“The results suggest that home office will not disappear, and that employers will continue to enable more flexible working in the long term,” said Daniel Erdsiek, a researcher at ZEW.

Germany’s rules that forced companies to allow working from home in the pandemic were lifted on July 1st 2021. 

Employers can now decide whether they continue to let their employees work from home, or if they call them back to the office.

READ ALSO: Are employees in Germany ready to return to the home office?

Where do German wages stand compared with other countries?

With an average net income (after tax) of €22,388, Germany ranked eighth in a comparison of the amount employees earn across Europe. According to the most recent survey by “GfK Purchasing Power Europe 2”, employees in Liechtenstein earn the most with a net income of €64,240.

The study, from 2020, analysed the per capita purchasing power of 42 European countries. 

Switzerland was in second place with €41,998, followed by Luxembourg where full-time employees receive an average net salary of €34,119.

Further down in the rankings was Poland in 28th place, where the average employee had a net income of €7,143 a year in 2020. Bringing up the rear with €1,703 net per year was Ukraine.

This put the eastern European country far below the average per capita purchasing power in Europe, which stood at an average of €13,894. It means that although 16 countries are above the European average, according to the study, people in 26 European countries also have below-average incomes.

Together, Europeans had around €9.5 trillion at their disposal for the year 2020. This means that per capita purchasing power in 2020 was down just under 5.3 percent on the previous year.

The main reason for this is the Covid pandemic and economic slump. As a result, each resident in Europe had an average of €773 less at his or her disposal than in 2019.

For more trends on salaries in Germany, check out our story here:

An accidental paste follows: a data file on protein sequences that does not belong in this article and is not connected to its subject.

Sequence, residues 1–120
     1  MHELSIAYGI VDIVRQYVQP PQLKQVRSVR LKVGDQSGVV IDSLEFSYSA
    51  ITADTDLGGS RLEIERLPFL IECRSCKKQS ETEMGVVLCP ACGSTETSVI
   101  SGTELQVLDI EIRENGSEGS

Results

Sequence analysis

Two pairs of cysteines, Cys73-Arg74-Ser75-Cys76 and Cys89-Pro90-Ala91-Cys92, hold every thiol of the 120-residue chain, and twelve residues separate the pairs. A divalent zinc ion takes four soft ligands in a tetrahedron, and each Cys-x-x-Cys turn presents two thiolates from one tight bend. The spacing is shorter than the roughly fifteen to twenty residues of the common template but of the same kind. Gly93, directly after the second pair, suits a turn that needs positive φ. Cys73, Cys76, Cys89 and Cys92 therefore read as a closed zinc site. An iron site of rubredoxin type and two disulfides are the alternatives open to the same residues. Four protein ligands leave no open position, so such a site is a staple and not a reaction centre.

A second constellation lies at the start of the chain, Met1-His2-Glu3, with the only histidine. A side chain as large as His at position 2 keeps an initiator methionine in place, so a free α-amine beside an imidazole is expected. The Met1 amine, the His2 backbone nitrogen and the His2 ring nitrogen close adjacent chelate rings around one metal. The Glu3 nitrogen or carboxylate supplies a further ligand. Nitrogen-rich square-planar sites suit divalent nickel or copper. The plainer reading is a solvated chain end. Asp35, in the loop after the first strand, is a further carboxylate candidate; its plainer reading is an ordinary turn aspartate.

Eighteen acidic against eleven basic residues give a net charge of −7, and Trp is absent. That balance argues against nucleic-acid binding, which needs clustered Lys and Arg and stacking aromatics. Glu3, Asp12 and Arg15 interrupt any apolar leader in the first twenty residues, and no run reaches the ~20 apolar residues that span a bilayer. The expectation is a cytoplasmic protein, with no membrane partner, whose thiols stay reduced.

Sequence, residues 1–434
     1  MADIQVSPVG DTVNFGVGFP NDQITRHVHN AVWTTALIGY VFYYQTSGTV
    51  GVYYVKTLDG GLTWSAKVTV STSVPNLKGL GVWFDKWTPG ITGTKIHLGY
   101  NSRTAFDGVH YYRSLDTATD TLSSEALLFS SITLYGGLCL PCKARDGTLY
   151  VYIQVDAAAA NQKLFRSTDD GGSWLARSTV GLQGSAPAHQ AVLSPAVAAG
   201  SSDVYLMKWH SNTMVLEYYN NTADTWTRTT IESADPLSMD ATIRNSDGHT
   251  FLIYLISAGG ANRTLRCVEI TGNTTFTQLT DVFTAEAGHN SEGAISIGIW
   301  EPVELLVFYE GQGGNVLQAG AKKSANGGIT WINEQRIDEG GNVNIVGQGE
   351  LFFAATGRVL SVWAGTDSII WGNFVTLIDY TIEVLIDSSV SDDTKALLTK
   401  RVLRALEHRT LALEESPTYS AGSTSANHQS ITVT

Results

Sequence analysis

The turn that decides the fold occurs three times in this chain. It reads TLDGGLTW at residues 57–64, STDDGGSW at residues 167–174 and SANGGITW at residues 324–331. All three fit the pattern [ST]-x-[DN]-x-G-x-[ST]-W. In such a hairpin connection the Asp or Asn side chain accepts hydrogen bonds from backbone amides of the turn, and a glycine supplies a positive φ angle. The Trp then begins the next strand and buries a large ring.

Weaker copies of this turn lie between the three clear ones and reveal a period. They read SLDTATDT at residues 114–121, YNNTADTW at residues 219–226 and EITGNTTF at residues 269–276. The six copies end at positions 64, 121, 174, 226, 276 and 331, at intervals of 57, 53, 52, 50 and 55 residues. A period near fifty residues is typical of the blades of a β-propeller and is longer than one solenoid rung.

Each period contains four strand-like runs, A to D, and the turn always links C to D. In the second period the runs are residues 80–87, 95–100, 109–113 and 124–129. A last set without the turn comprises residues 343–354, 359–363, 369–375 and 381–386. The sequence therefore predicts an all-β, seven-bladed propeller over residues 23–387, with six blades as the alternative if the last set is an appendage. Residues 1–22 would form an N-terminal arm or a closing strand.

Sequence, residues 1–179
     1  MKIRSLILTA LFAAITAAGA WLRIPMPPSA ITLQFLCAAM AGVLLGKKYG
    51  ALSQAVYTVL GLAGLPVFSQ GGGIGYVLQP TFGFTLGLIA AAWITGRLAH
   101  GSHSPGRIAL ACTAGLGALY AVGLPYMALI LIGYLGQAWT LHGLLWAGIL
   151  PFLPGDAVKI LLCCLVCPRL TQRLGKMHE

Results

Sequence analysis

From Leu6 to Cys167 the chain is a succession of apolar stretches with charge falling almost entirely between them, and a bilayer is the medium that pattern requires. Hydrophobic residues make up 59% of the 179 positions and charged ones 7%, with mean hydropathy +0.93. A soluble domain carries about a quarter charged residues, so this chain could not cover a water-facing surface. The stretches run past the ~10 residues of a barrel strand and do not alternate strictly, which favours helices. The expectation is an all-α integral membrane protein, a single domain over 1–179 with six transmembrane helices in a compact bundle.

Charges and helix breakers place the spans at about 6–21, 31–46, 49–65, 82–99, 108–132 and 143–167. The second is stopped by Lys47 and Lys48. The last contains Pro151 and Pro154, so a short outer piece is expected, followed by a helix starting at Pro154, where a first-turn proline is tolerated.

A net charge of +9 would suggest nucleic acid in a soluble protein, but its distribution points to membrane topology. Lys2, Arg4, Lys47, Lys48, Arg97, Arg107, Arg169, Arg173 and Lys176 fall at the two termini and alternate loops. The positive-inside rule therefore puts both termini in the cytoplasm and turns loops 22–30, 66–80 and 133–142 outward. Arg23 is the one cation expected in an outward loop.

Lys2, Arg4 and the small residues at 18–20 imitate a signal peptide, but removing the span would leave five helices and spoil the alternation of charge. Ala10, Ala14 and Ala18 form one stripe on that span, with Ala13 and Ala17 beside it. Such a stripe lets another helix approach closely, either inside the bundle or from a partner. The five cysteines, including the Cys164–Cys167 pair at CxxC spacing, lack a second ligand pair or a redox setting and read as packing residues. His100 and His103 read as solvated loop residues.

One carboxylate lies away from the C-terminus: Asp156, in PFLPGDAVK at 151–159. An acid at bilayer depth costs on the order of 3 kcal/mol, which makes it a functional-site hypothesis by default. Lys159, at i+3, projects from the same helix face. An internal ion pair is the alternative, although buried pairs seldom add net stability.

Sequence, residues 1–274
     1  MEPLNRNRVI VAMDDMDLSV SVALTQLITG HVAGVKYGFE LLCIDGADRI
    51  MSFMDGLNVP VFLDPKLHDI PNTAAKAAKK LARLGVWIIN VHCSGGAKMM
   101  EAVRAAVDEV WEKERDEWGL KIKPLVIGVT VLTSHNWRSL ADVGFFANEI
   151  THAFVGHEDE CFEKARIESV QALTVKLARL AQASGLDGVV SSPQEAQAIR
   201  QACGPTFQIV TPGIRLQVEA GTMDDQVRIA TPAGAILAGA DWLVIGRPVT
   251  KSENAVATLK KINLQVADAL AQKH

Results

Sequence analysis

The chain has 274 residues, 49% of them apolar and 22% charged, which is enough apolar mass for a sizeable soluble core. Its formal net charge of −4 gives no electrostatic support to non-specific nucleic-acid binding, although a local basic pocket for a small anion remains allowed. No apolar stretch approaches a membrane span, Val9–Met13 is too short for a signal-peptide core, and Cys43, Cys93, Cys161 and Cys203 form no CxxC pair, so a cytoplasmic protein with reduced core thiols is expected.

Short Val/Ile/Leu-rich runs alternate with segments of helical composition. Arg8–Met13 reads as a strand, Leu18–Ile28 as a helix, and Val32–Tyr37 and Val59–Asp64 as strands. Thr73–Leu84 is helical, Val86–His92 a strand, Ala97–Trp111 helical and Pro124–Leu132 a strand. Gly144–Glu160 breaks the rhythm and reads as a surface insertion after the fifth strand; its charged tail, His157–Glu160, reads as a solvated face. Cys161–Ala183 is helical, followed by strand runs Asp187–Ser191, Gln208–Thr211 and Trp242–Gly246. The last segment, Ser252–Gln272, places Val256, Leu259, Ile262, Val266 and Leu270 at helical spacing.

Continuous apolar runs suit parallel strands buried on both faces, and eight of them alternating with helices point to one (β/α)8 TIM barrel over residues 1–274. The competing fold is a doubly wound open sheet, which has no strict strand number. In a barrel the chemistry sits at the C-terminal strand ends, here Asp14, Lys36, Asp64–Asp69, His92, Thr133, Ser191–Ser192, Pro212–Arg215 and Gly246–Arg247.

REVEALED: What do employees really earn across Germany’s states?

Do Germans really have a good work-life-balance?

Germans may be known for having a good work-life-balance (at least compared to workers in the US), but did you know that half of employees in the Bundesrepublik regularly work overtime?

Overall, Germans clocked up more than two billion hours of overtime in 2017, German government figures show. 

And according to the Working Time Monitor 2019 study by the consulting company Compensation Partners, 54 percent of employees regularly work overtime, with an average of three extra hours per week. Men are affected slightly more often than women.

The study showed that employees with a salary of €91,000 to €100,000 worked 5.16 hours of more than the agreed weekly hours in their contract.. For top earners taking home more than €120,000, the amount of overtime climbed to 6.83 hours.

In general lower-income earners work less overtime. Those who earn less than €20,000 a year work an average of 1.9 hours a week more than agreed, according to the study.

However, there are also professions where overtime is almost part of the job description. A 2018 survey by the German Federal Institute for Occupational Safety and Health (BAuA) showed that full-time employees in the hospitality industry work 47.6 hours a week – significantly more than in most other industries.

In May 2019, the European Court of Justice ruled that all overtime hours worked within the EU should be logged and paid. 

It’s yet to be determined exactly how the ruling will be carried out in Germany as every individual member state can decide how exactly the system will be implemented.

The issue of working from home more due to the pandemic has also come into play.